U.S. News & World Report reports on Russian military service and displays of patriotism:
Misha, a subdued, blond 21-year-old, recently sat in the run-down Moscow office of the Committee of Soldiers’ Mothers, an advocacy group that offers advice to soldiers and men of draft age. After ignoring a draft summons, police had come to his mother’s apartment to seize Misha, who declined to give his surname for fear of reprisals, and cart him off to a conscription office, from where he’d be sent to his barracks, possibly somewhere distant like Siberia or the Far North. He wasn’t home.
Tatyana Znachkova, the teacherlike head of the committee in Moscow, advised him to hide at his grandmother’s. She also told Misha’s mother, as she has told thousands of other mothers, how to deflect the police without making them think he was dodging the draft, a criminal offense. “You say, ‘Oh, how unlucky! He sent a text just yesterday saying he was spending the night at his girlfriend’s.’ ”
Each spring and fall, Russian men ages 18 to 27 are drafted into the Army. In this year’s fall draft, which ends December 31, 219,000 men are expected to be called up. But conscripts avoid serving through a multitude of legal and illegal means, from enrolling in universities to bribing doctors for testimony that a conscript has ailments he does not. Around 80 percent of Russians who appeared on rolls for the fall draft received exemptions and deferments, according to the Army.
Since Russia’s August war with Georgia, attention at home and abroad has turned to the state of its armed forces. In the war, Russia’s Army overwhelmed that of tiny Georgia and dug in 25 miles from the Georgian capital, Tbilisi. Russia has a significant nuclear arsenal, and a senior government official recently announced that $141.5 billion would be allocated to the armed forces between 2009 and 2011 for 300 tanks, 15 warships, and almost 500 aircraft. There are plans to transform the Army into a mobile, albeit leaner fighting force.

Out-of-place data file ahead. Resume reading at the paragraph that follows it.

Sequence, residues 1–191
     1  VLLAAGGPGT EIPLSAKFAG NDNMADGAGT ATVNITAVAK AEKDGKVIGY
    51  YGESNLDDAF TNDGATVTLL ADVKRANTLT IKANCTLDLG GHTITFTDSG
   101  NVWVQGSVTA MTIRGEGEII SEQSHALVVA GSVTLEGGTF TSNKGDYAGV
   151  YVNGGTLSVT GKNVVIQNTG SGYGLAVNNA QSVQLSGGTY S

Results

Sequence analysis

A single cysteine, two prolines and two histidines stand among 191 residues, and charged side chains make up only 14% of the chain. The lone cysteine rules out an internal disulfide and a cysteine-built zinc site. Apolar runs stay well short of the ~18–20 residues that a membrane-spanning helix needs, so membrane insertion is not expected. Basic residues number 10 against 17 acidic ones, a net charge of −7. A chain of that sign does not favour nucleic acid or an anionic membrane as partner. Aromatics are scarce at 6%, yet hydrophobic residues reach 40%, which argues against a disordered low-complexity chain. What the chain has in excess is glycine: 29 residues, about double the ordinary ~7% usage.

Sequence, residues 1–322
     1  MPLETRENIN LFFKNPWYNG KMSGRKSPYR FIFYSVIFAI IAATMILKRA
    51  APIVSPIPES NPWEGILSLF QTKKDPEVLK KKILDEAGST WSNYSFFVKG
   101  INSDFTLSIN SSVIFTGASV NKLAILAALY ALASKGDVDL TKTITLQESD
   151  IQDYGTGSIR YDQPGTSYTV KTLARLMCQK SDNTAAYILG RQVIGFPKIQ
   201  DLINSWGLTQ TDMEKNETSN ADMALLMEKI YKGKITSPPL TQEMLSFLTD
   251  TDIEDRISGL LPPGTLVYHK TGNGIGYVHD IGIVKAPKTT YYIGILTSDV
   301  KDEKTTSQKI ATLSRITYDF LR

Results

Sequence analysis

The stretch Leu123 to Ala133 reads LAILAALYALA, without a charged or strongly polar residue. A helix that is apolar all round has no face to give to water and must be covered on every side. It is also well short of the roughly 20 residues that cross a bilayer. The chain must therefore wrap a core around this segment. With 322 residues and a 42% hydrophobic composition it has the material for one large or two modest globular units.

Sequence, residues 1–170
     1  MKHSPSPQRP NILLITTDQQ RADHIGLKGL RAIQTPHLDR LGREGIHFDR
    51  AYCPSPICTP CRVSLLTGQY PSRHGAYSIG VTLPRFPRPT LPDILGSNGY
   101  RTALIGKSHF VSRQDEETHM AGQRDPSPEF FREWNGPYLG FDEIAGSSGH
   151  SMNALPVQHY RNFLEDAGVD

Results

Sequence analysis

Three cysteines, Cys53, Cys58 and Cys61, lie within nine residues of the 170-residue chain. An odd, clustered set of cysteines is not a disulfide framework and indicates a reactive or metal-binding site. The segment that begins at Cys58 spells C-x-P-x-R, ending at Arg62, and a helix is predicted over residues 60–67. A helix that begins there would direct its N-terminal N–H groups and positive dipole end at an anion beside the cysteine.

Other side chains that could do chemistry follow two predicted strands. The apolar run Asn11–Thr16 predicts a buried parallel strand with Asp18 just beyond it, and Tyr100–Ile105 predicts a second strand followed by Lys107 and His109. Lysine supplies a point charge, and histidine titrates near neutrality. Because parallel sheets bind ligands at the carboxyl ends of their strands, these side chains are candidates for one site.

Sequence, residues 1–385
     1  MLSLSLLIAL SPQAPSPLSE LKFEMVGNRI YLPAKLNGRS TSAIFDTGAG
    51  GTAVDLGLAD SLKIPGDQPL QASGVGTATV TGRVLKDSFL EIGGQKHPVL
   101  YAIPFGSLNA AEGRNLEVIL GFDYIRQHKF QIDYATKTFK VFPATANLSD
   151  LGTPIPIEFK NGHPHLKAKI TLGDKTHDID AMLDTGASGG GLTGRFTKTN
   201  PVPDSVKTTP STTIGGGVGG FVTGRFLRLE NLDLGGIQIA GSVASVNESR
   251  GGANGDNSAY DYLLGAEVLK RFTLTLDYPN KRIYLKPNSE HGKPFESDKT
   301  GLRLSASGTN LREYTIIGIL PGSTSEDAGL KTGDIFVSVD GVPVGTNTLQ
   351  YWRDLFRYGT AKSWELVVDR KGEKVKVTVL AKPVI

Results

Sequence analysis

But it would be wrong to overemphasize the Russian Army’s capabilities, even though the war and fiery rhetoric from Moscow have certainly spooked western governments. Critics say that a reliance on the draft—professional servicemen make up 20 to 30 percent of the troops—is a critical weakness as these troops are generally poorly trained, even cannon fodder. “People with this level of training will be killed in the first battle,” says Alexander Golts, a Moscow defense expert with the Yezhednevny Zhurnal newspaper. Some conscripts took part in the South Ossetia operation in the summer, though it is not known how they fared.
The lengths that Russians go to avoid the Army hint at other problems—notably dedovshchina, or rule of the grandfathers, an informal and widespread discipline system in which draftees can be subject to degrading, sometimes violent hazing by their seniors.
In a famous case, conscript Andrei Sychyov had his legs and genitals amputated after being beaten by senior officers on New Year’s Day 2005. Another conscript, at the Plesetsk cosmodrome near the Arctic city of Arkhangelsk, was beaten by drunk officers, locked in a dog cage, and died later. More recently, investigators in Novosibirsk said a private slit his wrists in March after suffering abuse.